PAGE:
And, another thing, about 75% of this movie seems to have been filmed in closeup. Okay, I already mentioned that, but I have to dig into it. This is a big expensive movie with large sets and a lot of special effects, and yet it feels really claustrophobic for really long stretches. That’s purely because of how Stone shoots everything except the battles and a handful of establishing shots. Entire conversations from the beginning of the film to the end are shown in extreme closeup, no matter the context. The choice of closeups are usually made with the intention of heightening the emotion of a scene, pushing in closely to bring the audience closer to the character in a moment of feeling (Marty had great use of closeups that did exactly that). But when moments that are supposed to be high emotion as well as those that are about merely exchanging information like battle plans are all filmed in the exact same way, there becomes a flatness to the overall experience that shouldn’t really be there. Stone alternates between these extreme closeups and…medium shots where half the frame is taken up by someone just out of focus in the foreground. Why not show two whole faces in the same shot while taking in some of the great set work that’s going on behind them?

The battles, though, are excellent. The Battle of Gaugamela is a fantastic sequence that keeps the overall action clear, using an eagle flying over the action (probably a manifestation of Zeus) to keep the bigger parts in focus while following specific people and their efforts on the ground. When Alexander completes his complicated feint and digs deep into the Persian lines, we not only had Alexander explain the idea before the battle but we also were able to follow the action easily. The Battle of Hydaspes in India takes a different tact. There is no eagle providing an overarching view of the battle, providing the audience with just the confusion on the ground. After the obvious choices that made Gaugamela so clear and their absence at Hydaspes, it’s obvious to me that that was an intentional choice and we were supposed to feel like there was little more to the action than chaos, lost amidst the violence. It’s the battle that convinces Alexander to go back to Babylon after all.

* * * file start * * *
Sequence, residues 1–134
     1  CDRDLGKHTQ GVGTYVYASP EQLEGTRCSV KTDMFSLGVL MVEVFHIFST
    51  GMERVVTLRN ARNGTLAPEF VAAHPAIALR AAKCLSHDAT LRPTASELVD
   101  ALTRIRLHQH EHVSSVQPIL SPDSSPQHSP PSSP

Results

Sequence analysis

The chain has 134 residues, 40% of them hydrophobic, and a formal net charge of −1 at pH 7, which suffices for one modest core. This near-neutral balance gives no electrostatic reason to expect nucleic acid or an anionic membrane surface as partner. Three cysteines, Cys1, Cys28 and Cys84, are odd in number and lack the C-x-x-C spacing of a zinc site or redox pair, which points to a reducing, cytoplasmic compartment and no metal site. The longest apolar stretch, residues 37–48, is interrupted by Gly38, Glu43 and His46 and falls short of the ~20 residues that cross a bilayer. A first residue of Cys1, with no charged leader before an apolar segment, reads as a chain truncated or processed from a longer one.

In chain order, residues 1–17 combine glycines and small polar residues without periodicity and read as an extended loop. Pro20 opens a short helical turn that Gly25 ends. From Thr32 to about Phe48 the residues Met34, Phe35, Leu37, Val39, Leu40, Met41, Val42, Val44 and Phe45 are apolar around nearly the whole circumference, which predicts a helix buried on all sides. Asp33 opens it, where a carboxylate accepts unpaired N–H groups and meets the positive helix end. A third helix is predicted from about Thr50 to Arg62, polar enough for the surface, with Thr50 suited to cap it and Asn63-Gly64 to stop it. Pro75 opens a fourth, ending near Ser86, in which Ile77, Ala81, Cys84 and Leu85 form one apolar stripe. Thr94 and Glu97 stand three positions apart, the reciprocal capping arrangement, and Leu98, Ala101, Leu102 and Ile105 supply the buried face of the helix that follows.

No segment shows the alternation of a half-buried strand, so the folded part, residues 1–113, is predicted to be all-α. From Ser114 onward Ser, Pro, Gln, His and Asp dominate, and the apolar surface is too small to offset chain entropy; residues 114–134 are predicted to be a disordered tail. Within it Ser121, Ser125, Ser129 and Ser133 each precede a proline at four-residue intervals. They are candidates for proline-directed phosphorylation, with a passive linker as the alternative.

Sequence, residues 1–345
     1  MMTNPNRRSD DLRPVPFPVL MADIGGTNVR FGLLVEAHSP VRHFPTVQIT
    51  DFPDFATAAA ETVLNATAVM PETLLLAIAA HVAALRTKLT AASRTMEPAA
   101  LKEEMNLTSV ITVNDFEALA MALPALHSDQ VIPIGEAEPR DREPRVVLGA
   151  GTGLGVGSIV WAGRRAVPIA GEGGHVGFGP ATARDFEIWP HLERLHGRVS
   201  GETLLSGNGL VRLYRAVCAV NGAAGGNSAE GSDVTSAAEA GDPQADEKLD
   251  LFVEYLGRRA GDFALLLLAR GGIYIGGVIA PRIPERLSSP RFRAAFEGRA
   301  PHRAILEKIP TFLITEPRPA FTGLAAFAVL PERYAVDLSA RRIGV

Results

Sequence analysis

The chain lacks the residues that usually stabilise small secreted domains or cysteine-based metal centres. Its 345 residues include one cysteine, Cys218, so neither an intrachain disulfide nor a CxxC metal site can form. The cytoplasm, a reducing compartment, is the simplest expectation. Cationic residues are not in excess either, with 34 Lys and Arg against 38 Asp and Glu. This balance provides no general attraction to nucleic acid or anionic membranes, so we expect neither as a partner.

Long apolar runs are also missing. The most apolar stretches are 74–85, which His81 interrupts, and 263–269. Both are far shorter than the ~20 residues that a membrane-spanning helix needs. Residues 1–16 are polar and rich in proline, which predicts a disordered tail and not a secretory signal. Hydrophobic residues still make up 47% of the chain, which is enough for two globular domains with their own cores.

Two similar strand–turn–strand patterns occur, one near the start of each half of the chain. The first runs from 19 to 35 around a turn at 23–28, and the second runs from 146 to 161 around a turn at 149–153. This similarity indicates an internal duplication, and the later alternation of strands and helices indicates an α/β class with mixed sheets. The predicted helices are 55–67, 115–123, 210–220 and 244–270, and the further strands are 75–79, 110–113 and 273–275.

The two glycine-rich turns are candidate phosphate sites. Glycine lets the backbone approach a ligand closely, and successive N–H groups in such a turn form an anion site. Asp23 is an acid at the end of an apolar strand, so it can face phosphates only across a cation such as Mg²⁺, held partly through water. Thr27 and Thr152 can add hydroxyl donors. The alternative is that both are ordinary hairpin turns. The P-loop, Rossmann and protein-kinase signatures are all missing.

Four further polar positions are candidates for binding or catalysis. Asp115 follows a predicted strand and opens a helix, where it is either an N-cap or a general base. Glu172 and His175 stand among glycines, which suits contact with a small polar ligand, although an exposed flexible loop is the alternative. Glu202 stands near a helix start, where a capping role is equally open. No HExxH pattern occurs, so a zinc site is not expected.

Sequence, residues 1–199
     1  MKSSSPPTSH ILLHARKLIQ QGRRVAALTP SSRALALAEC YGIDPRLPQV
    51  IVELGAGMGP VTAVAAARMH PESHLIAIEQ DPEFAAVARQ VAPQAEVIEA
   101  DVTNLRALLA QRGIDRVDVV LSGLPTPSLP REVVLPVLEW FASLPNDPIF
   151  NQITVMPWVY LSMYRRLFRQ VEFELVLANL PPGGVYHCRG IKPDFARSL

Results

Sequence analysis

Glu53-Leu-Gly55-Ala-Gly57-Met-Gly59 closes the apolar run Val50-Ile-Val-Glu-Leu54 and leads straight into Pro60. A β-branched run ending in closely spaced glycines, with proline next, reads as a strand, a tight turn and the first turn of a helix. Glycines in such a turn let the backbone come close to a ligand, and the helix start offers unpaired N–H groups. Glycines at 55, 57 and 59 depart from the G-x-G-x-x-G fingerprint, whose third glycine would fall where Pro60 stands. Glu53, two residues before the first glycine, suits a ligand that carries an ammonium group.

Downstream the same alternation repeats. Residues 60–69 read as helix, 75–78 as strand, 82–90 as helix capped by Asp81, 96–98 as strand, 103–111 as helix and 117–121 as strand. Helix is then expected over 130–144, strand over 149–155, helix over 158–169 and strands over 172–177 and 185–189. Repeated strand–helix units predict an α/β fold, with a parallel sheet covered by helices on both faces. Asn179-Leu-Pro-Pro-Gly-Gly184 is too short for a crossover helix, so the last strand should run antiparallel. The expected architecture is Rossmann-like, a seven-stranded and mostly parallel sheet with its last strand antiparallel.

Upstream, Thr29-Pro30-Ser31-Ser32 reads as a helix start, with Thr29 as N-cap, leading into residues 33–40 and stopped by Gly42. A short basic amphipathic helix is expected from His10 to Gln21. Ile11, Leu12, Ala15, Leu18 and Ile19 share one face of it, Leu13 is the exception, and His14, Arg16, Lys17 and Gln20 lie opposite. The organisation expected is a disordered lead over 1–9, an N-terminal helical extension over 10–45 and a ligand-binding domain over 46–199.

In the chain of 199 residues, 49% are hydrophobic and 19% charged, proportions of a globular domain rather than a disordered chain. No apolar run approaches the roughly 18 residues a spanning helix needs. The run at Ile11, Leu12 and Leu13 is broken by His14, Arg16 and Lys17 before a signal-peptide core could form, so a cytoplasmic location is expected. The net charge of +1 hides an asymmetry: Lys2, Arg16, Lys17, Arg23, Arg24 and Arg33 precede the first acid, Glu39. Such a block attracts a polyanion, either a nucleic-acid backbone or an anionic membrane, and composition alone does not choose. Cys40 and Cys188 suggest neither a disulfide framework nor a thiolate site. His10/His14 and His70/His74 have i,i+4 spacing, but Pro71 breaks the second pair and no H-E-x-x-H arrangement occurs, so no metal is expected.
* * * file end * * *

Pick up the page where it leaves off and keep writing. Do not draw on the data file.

The movie has other striking images here or there, but they’re really the exception rather than the norm. Alexander standing atop the mountain in the Himalayas is a great image, but it’s gone before we can appreciate it replaced by Alexander in closeup talking to Ptolemy in closeup.

I cannot for the life of me imagine Stone saving this movie with any number of edits. He shot the film wrong. The performances are wrong (save for Kilmer who decided to act like a professional). The story is wildly unfocused and doesn’t really coalesce with the historical Alexander they accidentally leak out occasionally. Re-edits could return the structure and maybe give more focus, but there’s just simply too many other things that are broken to save this film.

I can’t wait to watch the Director’s Cut next.

Rating: 1/4


3 thoughts on “Alexander (Theatrical Cut)”